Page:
Biogenic budgets of particle rain, benthic remineralization and sediment accumulation in the equatorial Pacific

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Deep-Sea Research Part Ii-Topical Studies in Oceanography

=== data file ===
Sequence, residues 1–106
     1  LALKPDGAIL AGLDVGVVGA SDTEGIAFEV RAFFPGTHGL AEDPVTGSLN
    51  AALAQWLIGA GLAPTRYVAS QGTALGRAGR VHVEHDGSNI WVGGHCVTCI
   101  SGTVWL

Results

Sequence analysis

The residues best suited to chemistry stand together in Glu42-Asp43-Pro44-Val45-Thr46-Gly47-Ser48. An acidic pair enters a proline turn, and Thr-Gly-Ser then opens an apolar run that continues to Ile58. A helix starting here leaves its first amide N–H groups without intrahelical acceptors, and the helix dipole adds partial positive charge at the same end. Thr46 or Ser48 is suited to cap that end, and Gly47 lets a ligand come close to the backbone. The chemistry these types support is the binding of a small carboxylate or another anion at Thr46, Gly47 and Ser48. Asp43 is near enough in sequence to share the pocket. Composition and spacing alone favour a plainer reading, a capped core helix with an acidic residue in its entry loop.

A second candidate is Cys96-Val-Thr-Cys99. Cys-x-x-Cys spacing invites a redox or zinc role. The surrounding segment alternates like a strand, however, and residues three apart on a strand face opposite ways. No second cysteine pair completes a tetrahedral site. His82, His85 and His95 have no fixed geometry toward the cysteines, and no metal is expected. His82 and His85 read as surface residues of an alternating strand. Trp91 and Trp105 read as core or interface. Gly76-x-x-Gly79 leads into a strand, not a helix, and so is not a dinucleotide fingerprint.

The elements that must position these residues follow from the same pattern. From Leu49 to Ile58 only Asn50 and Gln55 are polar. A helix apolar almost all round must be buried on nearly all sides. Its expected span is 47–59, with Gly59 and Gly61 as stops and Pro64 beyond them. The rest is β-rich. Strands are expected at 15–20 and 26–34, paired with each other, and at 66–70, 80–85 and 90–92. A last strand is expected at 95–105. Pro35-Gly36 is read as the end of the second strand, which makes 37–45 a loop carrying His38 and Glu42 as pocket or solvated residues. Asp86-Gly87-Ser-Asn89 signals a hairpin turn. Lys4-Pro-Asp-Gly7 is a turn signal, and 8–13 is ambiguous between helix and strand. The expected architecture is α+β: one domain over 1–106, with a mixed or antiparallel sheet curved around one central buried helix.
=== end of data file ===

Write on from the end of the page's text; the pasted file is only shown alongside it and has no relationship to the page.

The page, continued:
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Budgets of organic C (C-org), CaCO3 and opal have been constructed for the Pacific equatorial region at 140 degrees W between 5 degrees N and 5 degrees S. Measurements of the rain and benthic remineralization rate of biogenic materials have been adjusted and normalized to account for sampling biases. Sea surface temperature serves as a master variable in normalizing sediment trap and benthic remineralization data to average conditions. The rain and remineralization rates for C(o)rg are nearly equal: 0.40+/-0.05 and 0.46+/-0.06 mmol m(-2) d(-1), respectively;thus only a minor fraction of this constituent is buried. Rain and dissolution rates for biogenic opal are similarly balanced respectively; thus only a minor fraction of this constituent is buried. Rain and dissolution rates (0.38+/-0.06 and 0.36+/-0.01 mmol m(-2) d(-1)) and consistent with the value for opal burial (0.03+/-0.004). The CaCO3 budget appears to have changed during the Holocene. The best estimates of modern CaCO3 dissolution (0.58+/-0.03 mmol m(-2) d(-1)) and rain rate (0.61+/-0.06) are consistent with Th-230-normalized carbonate accumulation rates for the late Holocene (0.1 mmol m(-2) d(-1)). However, the balance between dissolution and rain is not consistent with early Holocene carbonate accumulation (0.3 mmol m(-2) d(-1)), and this imbalance suggests: 1)a recent increase in the rate of CaCO3 dissolution on the sea floor, or 2) a decrease in the rain rate of carbonate particles. Modeling Th-230 profiles in sediments from this region define the last 3000 years as the duration of increased dissolution or decreased particle rain. Pa-231/Th-230 ratios in sediments indicate that particle rain rates have remained constant or possibly increased slightly through the Holocene. Two potential causes for increased dissolution were investigated; a change in deep water carbonate saturation or a change in C-org/CaCO3 rain ratios. A model describing carbonate dissolution as a function of the degree of undersaturation and the amount of organic carbon oxidation within sediments indicates that the recent increase in dissolution is more likely due to changes in bottom water chemical composition. We propose that Pacific Ocean bottom water carbonate ion concentration has decreased by 10-15 mu M over the last 3000 years. (C) 1998 Elsevier Science Ltd. All rights reserved.


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